Return to the Fantasy Zone
The ’80s was a pivotal point for the arcade world. The advent of Space Invaders only a couple years prior in 1978 brought about a coin-op craze that saw video games booming in shopping malls, bowling alleys, and dedicated arcades. Developers progressed from simple games such as Frogger and Defender to being increasingly experimental with games such as 1983’s Star Wars utilizing vector-based graphics to Dragon’s Lair the same year being a Don Bluth animated action adventure that featured proto-quick time events and was on a Laserdisc. Sega experimented a bit too, and in 1985 with Yu Suzuki at the helm, made an oddball fantasy-based shooter titled Space Harrier.
Released to overwhelmingly positive reception, Space Harrier was revolutionary for its time. Featuring fast-paced shooting action, scrolling and scaling sprites a flight stick controller scheme, and even a fully functional rotating and tilting cockpit-style cabinet in some cases. The concept was simple, so simple in fact that Space Harrier didn’t have a story. You just play as a guy name Harrier, dodge obstacles, shoot enemies and rack up a high score. Simple isn’t necessarily bad though, and in the case of Space Harrier, it worked astoundingly well.
Space Harrier has been ported to a plethora of different platforms over the years. 8, 16, and 32-bit consoles, even PC’s have seen a Space Harrier game of some sort. The games have even been featured prominently in Sega’s Yakuza series hanging out in the Club Sega arcade venues. The game has even been reworked from the ground up to be presented in stereoscopic 3D on Nintendo’s 3DS thanks to some hard work between Sega and M2. M2 is at it again, and has brought Space Harrier to the Nintendo Switch as part of their SEGA AGES lineup. M2 have been nailing it with these releases, and Space Harrier is a solid choice and a solid port for Nintendo’s hybrid console.
Where have I seen that mecha before?
Space Harrier is home to some bizarre creatures, including a couple that pay some homages here and there.
The SEGA AGES release of Space Harrier brings the arcade release in a complete and perfectly translated format with a host of customizable options and even a new gameplay mode to spice things up a bit. The game is presented in a pixel perfect format with some cool graphical options such as scanlines, pixel smoothing, even wallpaper art that mimics the original arcade cabinets. Players can also adjust the difficulty and starting lives, as well as customize the controls to their liking.
The standard gameplay mode of Space Harrier is exactly as it was in the 1985 arcade original. Players suit up with Harrier, and fly and shoot through a fever dream-ish fantasy landscape filled with obstacles, UFO’s, dragons, one-eyed mammoths, robots that look almost exactly like a Rick Dom from Mobile Suit Gundam, and more. The game is divided up into eighteen distinct stages, with a couple of them being a bonus round where Harrier rides a white cat dragon that looks like it came straight from the Never-Ending Story to knock down obstacles for points. Most of the levels have a boss at the end to up the challenge as well.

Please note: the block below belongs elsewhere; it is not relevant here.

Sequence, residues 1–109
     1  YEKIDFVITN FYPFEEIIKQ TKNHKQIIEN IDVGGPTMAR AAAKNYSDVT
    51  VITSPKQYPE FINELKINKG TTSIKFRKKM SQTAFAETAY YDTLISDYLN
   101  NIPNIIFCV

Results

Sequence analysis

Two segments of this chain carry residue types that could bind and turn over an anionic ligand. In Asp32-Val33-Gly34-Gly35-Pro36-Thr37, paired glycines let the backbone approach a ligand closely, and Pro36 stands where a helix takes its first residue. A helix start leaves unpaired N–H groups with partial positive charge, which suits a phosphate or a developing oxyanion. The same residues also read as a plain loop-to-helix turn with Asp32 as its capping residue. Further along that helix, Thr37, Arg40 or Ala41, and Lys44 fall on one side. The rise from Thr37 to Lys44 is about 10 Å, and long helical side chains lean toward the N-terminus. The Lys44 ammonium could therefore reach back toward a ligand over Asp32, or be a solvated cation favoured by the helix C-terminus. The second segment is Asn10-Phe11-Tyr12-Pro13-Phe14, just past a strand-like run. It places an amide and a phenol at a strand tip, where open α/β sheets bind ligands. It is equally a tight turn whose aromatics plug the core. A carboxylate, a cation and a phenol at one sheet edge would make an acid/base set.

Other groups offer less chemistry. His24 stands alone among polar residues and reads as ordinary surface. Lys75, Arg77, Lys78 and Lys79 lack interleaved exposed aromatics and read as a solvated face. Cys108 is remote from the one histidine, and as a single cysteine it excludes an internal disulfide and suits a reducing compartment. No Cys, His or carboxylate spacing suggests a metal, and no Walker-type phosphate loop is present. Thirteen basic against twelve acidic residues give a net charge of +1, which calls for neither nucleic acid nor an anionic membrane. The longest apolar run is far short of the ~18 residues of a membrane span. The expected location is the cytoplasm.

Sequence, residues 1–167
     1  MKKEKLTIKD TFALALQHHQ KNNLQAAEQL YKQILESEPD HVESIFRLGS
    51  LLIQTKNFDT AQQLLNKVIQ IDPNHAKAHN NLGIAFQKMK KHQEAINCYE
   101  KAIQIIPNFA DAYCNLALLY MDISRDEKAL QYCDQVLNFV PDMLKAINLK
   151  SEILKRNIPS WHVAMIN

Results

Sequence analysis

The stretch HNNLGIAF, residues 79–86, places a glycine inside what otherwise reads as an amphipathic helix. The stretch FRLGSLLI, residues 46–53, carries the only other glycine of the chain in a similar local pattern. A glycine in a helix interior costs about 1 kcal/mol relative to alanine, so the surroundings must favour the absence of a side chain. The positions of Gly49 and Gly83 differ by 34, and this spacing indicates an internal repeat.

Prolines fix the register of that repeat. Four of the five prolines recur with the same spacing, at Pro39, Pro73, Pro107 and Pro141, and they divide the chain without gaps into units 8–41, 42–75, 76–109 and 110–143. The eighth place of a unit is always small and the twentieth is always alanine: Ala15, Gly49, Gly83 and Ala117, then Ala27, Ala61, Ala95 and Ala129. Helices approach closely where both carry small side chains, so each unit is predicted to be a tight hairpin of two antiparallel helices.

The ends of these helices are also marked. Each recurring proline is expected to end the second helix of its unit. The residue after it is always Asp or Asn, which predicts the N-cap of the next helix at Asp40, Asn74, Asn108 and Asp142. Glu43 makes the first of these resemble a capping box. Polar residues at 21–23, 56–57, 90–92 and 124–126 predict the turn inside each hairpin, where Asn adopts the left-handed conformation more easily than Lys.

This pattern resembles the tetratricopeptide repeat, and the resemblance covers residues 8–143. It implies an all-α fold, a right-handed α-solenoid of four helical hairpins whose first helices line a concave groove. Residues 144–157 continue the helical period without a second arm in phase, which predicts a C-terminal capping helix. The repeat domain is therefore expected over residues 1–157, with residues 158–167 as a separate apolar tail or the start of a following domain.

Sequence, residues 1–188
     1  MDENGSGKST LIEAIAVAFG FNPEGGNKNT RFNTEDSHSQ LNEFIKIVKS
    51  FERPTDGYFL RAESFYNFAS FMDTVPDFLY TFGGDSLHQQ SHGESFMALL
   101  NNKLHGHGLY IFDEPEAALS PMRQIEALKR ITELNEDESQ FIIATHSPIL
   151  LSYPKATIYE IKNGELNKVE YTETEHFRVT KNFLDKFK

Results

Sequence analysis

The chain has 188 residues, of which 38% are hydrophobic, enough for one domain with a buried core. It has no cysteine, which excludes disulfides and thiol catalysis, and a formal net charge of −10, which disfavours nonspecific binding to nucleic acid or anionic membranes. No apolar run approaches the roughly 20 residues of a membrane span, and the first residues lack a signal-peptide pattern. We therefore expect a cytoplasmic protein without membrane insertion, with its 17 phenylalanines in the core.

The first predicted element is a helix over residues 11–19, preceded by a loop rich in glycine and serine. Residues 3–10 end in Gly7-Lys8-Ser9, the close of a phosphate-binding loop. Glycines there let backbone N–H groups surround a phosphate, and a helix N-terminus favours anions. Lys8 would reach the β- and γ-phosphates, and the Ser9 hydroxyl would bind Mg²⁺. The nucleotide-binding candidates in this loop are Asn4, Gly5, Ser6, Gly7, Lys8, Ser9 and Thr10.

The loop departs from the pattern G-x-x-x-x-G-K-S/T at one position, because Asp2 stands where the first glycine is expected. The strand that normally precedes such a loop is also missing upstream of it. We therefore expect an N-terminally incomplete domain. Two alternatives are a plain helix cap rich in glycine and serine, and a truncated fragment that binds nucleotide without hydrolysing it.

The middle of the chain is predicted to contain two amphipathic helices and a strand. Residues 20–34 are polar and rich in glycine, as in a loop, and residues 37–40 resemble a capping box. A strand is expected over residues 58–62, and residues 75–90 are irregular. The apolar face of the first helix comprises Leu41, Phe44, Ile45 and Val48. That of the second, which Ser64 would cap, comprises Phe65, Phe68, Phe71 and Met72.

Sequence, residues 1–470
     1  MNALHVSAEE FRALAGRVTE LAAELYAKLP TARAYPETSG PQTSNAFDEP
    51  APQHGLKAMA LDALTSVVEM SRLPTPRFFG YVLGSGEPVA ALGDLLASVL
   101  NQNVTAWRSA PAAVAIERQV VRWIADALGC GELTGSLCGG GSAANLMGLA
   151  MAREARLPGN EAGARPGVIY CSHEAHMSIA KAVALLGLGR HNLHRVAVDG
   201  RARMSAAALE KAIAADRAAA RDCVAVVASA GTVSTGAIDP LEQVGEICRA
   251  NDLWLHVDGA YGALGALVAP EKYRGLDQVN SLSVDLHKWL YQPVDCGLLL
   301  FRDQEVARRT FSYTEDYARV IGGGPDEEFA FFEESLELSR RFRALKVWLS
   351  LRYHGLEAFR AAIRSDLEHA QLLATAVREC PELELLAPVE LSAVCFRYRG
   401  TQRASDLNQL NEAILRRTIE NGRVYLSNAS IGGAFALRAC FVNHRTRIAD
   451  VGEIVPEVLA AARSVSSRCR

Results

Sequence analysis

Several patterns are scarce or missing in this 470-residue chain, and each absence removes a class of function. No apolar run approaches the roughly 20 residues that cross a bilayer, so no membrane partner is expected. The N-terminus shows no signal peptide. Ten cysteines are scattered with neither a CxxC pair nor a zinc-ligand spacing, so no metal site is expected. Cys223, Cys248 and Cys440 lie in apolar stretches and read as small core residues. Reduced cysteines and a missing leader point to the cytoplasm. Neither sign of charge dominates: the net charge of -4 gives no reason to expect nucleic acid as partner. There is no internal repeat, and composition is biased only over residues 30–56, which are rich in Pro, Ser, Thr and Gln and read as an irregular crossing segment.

What am I even looking at here.
“Fantasy Zone” doesn’t even begin to scratch the surface on how weird and fever dream-y this game is.
Speaking of challenge, M2 made sure the game is pretty darn hard by default. You can make the game easier in the options, but the normal difficulty level can be pretty brutal. Enemies move pretty fast, and so do their projectiles. Obstacles such as trees, rocks, and pillars come flying at you way faster than you might remember too, and things only get worse as the game progresses. Fortunately, there isn’t much preventing you from pumping the game full of virtual coins and continuing till you reach the end, but trying to 1 credit clear the game on default difficulty is very much a pro-tier affair.
Not content with just releasing the game as-is, M2 has added an entirely new mode called Komainu Barrier Attack. In this mode, Harrier has two “Komainu” helpers that surround him with a barrier. This barrier lets Harrier smash through enemies and obstacles. The catch is that if the Komainu get hit by any enemy projectiles the shield is lost temporarily and won’t come back up until both Komainu are not stunned anymore. If the shield is down, hitting obstacles or enemies will make Harrier lose a life. Additionally, the barrier the Komainu put up doesn’t protect Harrier from enemy projectiles, so it’s still possible for him to lose a life even with the barrier intact. The levels and the bosses are still the same, but this new twist on Space Harrier is a blast to play, and makes focusing on getting a high score easier, though the later levels are still ridiculously difficult.
Is this a new legendary Pokemon?
Komainu Barrier Attack is a new mode in SEGA AGES Space Harrier. Though the barrier helps, it’s still a pretty difficult game!
M2 has knocked it out of the park with this release. Despite the default difficulty being cranked up, this release of Space Harrier looks and plays flawlessly. The new Komainu Barrier Attack mode is a fun new twist to keep fans and newcomers alike interested, and online rankings and leaderboards will keep the pros coming back for more. For $7.99, Space Harrier is a stellar deal for some quick arcade fun. Now if you’ll excuse me, I gotta save the Land of the Dragons again.
Final Verdict: 4 / 5
Available on: Nintendo Switch (reviewed); Publisher: Sega; Developer: M2 ; Release Date: August 22nd 2019; ESRB: E for Everyone; MSRP: $7.99
Full disclosure: A review copy of SEGA AGES Space Harrier was provided by the Publisher.